Dr. Martin Luther King, Jr.

Dr. Martin Luther King, Jr.

Article originally published on January 15. 

We cover two days with this article as we remember the anniversaries of two African-American leaders: one band leader and one civil rights leader, one from Atlanta and one from right here in Paducah.

Today, January 15, we celebrate the birthday of Dr. Martin Luther King, Jr. Born in Atlanta, Georgia in 1929, Dr. King’s legal name at birth was Michael King. Following a trip to Germany in 1934, however, King’s father decided to change both his and his son’s name to Mart

in Luther after the German reformer. No one lived up to the challenge set forth by a new name better than Dr. King: Baptist minister, leader of the Montgomery Bus Boycott and Selma marches, president of the Southern Christian Leadership Conference, proponent of nonviolent protests, recipient of the Nobel Peace Prize, and organizer of the 1963 March on Washington where he delivered some of the most famous, continuously inspiring words, “I Have a Dream.” His legacy lives, his message as crucial today as it was 50 years ago. A search through the McCracken County Public Library catalog reveals more than 80 titles that pertain to Dr. King, in nonfiction books, children’s books, video, and audio.

Fate Marable sitting at piano. Louis Armstrong to his left.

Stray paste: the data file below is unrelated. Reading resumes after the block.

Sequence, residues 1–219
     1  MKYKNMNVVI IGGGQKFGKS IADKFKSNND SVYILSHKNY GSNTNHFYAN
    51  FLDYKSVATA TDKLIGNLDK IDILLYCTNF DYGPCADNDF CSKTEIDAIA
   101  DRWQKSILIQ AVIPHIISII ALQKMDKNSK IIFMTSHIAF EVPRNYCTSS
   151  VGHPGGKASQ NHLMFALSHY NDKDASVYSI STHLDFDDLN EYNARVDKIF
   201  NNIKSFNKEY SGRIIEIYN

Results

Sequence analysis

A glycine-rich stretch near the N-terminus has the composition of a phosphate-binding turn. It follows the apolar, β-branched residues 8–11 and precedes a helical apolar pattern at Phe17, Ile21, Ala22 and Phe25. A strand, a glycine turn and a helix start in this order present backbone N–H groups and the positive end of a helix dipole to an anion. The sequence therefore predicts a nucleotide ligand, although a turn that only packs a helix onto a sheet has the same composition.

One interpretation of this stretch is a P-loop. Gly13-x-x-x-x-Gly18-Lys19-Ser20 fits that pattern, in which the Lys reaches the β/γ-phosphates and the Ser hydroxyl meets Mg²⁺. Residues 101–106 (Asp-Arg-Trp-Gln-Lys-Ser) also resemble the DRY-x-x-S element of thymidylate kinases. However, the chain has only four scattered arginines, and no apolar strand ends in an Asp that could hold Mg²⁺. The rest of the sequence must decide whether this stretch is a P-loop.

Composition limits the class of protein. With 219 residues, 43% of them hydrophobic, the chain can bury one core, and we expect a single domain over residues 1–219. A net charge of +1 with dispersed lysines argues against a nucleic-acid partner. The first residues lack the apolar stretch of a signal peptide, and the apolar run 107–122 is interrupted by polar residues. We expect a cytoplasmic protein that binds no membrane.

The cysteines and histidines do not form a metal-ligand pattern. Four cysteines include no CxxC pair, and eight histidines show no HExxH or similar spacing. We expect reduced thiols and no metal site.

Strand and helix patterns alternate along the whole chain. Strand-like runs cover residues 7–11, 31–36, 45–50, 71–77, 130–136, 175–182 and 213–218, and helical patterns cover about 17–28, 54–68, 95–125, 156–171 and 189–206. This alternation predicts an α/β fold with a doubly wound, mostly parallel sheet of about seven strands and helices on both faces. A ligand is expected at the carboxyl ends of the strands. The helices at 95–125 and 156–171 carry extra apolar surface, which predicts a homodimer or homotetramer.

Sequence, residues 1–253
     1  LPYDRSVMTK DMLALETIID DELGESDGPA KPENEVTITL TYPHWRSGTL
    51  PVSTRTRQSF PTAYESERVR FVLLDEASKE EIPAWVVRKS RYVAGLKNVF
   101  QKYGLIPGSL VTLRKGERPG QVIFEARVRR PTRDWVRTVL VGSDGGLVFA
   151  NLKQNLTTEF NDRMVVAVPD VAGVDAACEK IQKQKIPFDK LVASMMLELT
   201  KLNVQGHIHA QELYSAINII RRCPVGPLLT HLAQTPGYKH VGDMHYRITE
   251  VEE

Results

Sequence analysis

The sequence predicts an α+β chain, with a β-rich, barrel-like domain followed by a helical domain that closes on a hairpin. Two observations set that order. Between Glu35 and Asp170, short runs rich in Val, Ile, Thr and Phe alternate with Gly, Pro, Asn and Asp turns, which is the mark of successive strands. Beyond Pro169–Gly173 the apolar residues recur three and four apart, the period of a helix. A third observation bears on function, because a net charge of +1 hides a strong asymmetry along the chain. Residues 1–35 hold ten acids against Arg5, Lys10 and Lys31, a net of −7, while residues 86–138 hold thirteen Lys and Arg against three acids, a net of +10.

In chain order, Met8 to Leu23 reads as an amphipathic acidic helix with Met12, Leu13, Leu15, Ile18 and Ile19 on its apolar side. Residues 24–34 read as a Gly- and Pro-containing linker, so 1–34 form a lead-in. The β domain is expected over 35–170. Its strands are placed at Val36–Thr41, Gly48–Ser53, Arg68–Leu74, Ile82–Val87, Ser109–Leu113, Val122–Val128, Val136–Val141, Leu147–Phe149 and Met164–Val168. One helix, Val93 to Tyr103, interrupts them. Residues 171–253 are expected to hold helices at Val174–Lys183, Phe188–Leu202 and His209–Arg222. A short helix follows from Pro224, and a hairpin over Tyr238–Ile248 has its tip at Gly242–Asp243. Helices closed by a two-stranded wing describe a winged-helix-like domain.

Fate Marable sitting at piano. Louis Armstrong to his left.

Tomorrow, January 16, we remember the death of Fate Marable, a Paducah native, an early jazz pioneer, and a champion of the talents of African-American musicians. Fate was born in Paducah in 1890. Though a piano teacher, his mother at first forbid Fate to touch the instrument. Thankfully, he didn’t mind her. He started to play on steamboats up and down the Ohio and Mississippi, and by 1907, at the young age of 17, both his name and word of his talent had reached every major port city between Paducah and New Orleans. Marable became a fixture in the burgeoning New Orleans jazz scene and, with his experience playing the boats, helped spread the sound to other parts of the country. He became the bandleader for the boats on the Streckfus Line, and in 1917 organized the very first all African-American orchestra (initially comprised of all Paducah musicians). Fate was known as a strict bandleader, and through his disciplined and demanding tutelage passed many musicians who would go on to jazz fame. His protégés include Red Allen, Baby Dodds, Johnny Dodds, Pops Foster, Jimmy Blanton, and none other than Louis Armstrong. In the picture below, Fate sits front and center at the piano and Louis Armstrong sits to his left. Despite has vast influence, Fate only made one record in his career. He died on January 16, 1947 and is buried at Oak Grove Cemetery.

To more about Paducah’s jazzy past, visit us at the Local and Family History Department at the McCracken County Public Library.

 

–Matt Jaeger